Improving rural access to radiology services

A mix of business savvy and cultural competency can overcome workforce shortages, declining populations and hospital closures in rural areas to improve access to radiology services, according to speakers at the Radiological Society of North America in Chicago. 


By most accounts, radiology practice in rural areas is bleak due to the nationwide physician shortage and a spate of hospital closures, according to RSNA’s Daily Bulletin.

In a summary of a Sunday presentation on the radiology workforce shortage, Danny Hughes, economist and professor at Arizona State University’s College of Health Solutions, said that between 2013 and 2023, more than 130 rural hospitals closed.

Hughes also noted that recruitment and retention of radiologists in remote areas with potentially lower pay also presents challenges to the success of radiology practices.

Dr. Richard Duszak, professor and chair of the Department of Radiology at the University of Mississippi Medical Center in Jackson, said during the session that in about one year, the average wait times at UMMC improved and they are now zero to two days for most radiology services. Interventional radiology procedures by month rose from 380 in July 2022 to 676 in August 2023, he added.

By connecting patients to reliable transportation and speaking directly with patients to make sure they understand the purpose of appointments and test results, the medical center has also been able to reduce the number of no-shows. 

Private equity support – cash and operations support – can be critical to rural specialties, especially during mass casualty events, said Dr. Catherine Joyce Everett, a private practice radiologist in North Carolina. 

When tornadoes hit Kentucky in December 2021, local hospitals were overwhelmed with injuries, she said. She said RP Matrix, Radiology Partners’ teleradiology practice, which operates in all 50 states, jumped in. The company leverages artificial intelligence-enhanced remote diagnostics, routine subspecialty, emergent and after-hours imaging support, according to its website.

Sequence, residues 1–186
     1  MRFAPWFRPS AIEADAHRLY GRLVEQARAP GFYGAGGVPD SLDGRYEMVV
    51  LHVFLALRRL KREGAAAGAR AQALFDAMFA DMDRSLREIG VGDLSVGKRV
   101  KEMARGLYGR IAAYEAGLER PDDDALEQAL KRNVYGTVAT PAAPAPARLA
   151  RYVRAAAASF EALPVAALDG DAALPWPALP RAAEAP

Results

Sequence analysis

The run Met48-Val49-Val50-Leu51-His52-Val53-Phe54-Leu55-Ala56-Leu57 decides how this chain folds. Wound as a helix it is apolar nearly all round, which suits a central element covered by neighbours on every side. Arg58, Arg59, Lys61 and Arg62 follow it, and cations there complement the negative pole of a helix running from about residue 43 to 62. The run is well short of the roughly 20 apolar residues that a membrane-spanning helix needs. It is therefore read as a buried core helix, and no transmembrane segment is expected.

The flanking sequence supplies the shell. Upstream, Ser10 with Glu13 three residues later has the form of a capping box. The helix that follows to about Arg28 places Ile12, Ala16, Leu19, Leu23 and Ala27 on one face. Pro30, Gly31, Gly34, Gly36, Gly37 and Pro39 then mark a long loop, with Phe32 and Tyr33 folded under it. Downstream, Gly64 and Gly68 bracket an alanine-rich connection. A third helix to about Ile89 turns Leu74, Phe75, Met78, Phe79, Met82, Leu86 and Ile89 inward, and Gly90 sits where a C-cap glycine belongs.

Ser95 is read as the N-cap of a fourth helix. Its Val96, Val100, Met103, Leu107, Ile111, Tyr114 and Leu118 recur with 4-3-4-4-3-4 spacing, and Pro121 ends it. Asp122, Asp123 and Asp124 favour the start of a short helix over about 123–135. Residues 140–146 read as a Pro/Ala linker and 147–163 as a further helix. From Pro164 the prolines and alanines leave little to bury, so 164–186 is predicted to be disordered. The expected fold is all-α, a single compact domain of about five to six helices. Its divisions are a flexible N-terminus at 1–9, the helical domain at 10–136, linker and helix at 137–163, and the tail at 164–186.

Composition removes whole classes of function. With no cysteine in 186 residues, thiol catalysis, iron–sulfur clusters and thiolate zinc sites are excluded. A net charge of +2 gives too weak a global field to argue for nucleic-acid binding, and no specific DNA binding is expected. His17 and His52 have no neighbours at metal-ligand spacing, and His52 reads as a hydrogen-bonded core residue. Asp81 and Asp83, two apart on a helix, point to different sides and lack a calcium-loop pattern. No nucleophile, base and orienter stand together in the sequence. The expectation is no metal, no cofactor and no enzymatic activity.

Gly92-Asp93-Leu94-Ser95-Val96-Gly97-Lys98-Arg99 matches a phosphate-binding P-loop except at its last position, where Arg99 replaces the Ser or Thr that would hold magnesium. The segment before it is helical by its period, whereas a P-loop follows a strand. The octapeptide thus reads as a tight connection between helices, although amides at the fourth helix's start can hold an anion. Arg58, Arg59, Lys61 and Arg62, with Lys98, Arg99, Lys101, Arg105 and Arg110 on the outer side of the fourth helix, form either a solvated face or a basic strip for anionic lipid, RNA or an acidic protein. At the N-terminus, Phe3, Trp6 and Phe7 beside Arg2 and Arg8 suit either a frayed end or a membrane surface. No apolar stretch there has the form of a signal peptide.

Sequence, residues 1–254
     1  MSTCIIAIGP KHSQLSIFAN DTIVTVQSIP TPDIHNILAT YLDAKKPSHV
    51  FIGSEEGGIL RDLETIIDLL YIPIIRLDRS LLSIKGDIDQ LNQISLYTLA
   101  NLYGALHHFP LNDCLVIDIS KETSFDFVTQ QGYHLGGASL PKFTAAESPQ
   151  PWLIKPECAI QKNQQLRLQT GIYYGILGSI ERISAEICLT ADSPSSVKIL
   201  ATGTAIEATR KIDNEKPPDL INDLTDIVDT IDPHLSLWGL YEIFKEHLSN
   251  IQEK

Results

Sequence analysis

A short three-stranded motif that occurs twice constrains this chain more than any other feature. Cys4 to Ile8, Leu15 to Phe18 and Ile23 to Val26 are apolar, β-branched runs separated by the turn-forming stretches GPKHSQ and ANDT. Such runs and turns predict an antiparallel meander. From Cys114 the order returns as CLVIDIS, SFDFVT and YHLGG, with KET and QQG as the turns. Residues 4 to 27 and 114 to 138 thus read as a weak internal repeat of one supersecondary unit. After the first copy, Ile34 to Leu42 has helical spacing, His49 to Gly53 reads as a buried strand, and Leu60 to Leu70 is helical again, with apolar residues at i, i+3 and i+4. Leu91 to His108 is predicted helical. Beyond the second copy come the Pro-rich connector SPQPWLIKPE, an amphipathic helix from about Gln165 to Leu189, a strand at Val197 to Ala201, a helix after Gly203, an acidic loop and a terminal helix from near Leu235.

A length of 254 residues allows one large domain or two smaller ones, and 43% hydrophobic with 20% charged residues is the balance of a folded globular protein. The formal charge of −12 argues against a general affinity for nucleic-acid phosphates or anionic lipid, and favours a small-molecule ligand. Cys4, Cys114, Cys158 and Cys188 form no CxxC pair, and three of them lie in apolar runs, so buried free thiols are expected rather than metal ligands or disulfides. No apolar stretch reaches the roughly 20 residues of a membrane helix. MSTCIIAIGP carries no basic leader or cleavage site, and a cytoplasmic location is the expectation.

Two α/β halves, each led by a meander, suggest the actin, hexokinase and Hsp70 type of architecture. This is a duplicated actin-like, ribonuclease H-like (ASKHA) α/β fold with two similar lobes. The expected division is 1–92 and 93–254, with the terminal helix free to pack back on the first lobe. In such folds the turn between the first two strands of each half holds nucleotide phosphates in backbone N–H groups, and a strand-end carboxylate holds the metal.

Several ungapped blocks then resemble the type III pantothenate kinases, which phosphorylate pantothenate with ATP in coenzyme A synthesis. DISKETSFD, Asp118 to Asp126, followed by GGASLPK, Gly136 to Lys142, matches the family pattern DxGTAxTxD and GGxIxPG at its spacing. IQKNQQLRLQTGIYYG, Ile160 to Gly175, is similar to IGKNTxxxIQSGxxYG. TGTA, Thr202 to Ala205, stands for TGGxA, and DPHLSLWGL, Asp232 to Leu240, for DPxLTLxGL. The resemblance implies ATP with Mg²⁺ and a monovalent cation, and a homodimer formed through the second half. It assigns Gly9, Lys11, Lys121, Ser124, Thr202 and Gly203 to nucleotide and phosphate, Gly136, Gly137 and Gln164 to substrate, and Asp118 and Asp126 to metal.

While every available radiologist in the region was called in, the tornado disaster created a radiology workload too large to keep up with. 

“Over two days, [RP Matrix Kentucky] read over 650 trauma cases, which is pretty amazing,” said Everett.

“Using its high-demand escalation process, the Matrix team covered three times its normal volumes for Kentucky,” the company said in its report on the disaster that killed at least 80 Kentuckians and injured 500.


A shortage of physicians across the United States is most keenly felt in specialty care, but virtual specialty care is helping to overcome patient access challenges.

Julian Flannery, founder and CEO of Summus Global, a telehealth technology and services company that focuses on specialty care, says that telemedicine must play a central role in solving the specialist shortage.

“Using a model that provides real value to specialists and allows them to scale their expertise will win the day,” he told Healthcare IT News in July.

“For patients, models that can attract high-quality specialists and deep and diverse provider networks also will be hugely valuable.” 


“Looking at the data, radiologists in rural areas have so much more variety in their workload and that is going to be very attractive to a lot of folks,” Hughes said at the RSNA annual meeting.

“We are striving to create a workforce that is representative of the people we take care of, but it’s going to take a multi-decade journey to get there,” Duszak added.

Andrea Fox is senior editor of Healthcare IT News.
Email: [email protected]

Healthcare IT News is a HIMSS Media publication.


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